So Natasha’s confused when James appears at her door no more than a month after the spice incident, holding a pair of black ballet slippers and with his long hair pulled up into a tight bun. 

 

She stares at him for a second.

 

It’s not the slippers, per se, but he had to have asked for them. They would have had to measure his feet, or he’d have to have given them his measurements by memory, and it wasn’t exactly public knowledge that he danced. Someone who looked at the Winter Soldier files might know, might see that HYDRA and Red Room loved sending their pet assassins out for honeypot missions, might see that ballet was practical due to its popularity with the rich and corrupt, but they’d also probably assume that James wouldn’t want to relive his particular part of his past. So he’d asked. He’d asked for ballet shoes, presumably for other gear as well, and was now standing at her doorstep patiently awaiting a response.

 

She breathes out, uncharacteristically breathy and quick: “Yasha.”

 

“Natashka,” he murmurs, steps in as she steps back to grant him entry. 

 

“You can change here,” she offers as she turns to dig around in her closet, pulling out tights and leotards and foregoing a practice skirt. It feels like a middle finger to every woman who taught her to dance and she doesn’t like to deny herself small pleasures anymore. James is almost ready when she looks back at him, shirt and jeans stripped off to reveal a black tank top, black tights, and he’s seated on the edge of a chair lacing up his shoes. She doesn’t bother with false modesty as she changes, figures that it’s nothing he hasn’t seen before, throwing her discarded clothing directly onto the floor to deal with later. Small pleasures.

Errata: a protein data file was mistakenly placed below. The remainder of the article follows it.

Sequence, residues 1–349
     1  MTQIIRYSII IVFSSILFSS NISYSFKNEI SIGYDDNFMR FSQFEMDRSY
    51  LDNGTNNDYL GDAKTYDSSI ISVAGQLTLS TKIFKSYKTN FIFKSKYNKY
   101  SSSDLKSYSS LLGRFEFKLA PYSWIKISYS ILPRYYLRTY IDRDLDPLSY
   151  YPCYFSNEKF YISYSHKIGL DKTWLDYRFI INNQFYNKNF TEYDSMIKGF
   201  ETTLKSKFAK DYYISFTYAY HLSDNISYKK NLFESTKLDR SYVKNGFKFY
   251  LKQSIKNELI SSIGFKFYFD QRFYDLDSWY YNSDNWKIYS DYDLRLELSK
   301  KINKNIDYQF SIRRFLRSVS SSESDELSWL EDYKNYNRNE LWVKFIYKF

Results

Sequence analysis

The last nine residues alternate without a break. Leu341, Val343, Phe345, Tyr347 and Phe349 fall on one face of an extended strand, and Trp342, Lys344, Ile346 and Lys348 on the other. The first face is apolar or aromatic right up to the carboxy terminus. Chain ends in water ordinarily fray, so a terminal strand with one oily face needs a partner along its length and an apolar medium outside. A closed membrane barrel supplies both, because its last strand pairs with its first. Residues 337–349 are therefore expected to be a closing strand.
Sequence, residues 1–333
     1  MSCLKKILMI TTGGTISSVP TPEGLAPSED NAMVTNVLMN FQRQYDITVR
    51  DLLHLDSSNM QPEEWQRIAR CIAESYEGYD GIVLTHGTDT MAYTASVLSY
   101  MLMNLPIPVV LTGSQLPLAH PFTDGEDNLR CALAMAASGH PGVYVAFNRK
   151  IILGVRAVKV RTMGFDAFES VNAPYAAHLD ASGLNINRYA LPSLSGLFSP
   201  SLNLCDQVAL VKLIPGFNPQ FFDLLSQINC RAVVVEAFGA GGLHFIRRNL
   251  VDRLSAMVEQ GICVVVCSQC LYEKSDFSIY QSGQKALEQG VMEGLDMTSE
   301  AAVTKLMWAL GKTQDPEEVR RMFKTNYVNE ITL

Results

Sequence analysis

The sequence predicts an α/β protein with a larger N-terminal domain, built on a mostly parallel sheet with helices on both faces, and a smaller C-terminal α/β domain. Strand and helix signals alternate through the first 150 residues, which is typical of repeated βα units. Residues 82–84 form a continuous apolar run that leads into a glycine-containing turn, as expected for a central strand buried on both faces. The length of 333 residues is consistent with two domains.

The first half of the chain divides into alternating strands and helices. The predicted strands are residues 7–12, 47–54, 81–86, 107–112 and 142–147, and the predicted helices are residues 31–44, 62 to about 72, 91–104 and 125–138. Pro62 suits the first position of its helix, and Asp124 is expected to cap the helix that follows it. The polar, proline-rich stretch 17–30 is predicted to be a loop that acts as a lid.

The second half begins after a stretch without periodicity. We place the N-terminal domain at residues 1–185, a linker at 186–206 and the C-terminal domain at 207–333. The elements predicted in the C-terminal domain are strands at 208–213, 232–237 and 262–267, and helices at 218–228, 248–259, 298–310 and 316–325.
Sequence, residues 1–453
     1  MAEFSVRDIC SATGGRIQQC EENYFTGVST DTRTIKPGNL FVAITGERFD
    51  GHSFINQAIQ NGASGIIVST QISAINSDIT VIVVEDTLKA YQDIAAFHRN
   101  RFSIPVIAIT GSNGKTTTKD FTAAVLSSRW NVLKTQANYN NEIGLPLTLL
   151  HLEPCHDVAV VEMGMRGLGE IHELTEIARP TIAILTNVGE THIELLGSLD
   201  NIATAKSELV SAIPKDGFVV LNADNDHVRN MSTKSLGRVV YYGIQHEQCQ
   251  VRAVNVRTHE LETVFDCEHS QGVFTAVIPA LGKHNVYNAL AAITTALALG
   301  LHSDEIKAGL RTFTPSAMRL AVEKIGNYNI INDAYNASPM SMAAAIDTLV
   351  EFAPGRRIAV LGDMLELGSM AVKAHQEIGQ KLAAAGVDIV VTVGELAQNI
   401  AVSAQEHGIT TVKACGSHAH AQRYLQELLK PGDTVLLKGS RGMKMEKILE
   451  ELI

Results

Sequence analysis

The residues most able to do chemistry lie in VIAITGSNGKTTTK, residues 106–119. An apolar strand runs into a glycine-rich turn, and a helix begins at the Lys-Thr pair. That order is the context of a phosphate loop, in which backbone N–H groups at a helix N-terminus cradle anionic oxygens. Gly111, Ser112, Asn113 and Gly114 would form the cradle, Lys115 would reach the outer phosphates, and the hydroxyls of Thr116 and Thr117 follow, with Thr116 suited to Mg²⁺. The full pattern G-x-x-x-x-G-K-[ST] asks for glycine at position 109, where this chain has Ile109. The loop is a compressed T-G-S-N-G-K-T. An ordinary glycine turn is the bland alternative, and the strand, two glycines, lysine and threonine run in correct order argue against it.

She doesn’t feel a familiar, appreciative gaze on her, and she tries not to feel disappointed about it. 

 

She pilfers a hair elastic from him as they head downstairs. They pass no one on the way to the performance room but she has no doubt that everyone is curious what James will do with his slippers, that they will mysteriously find themselves needing to use the performance room shortly after they start dancing in earnest.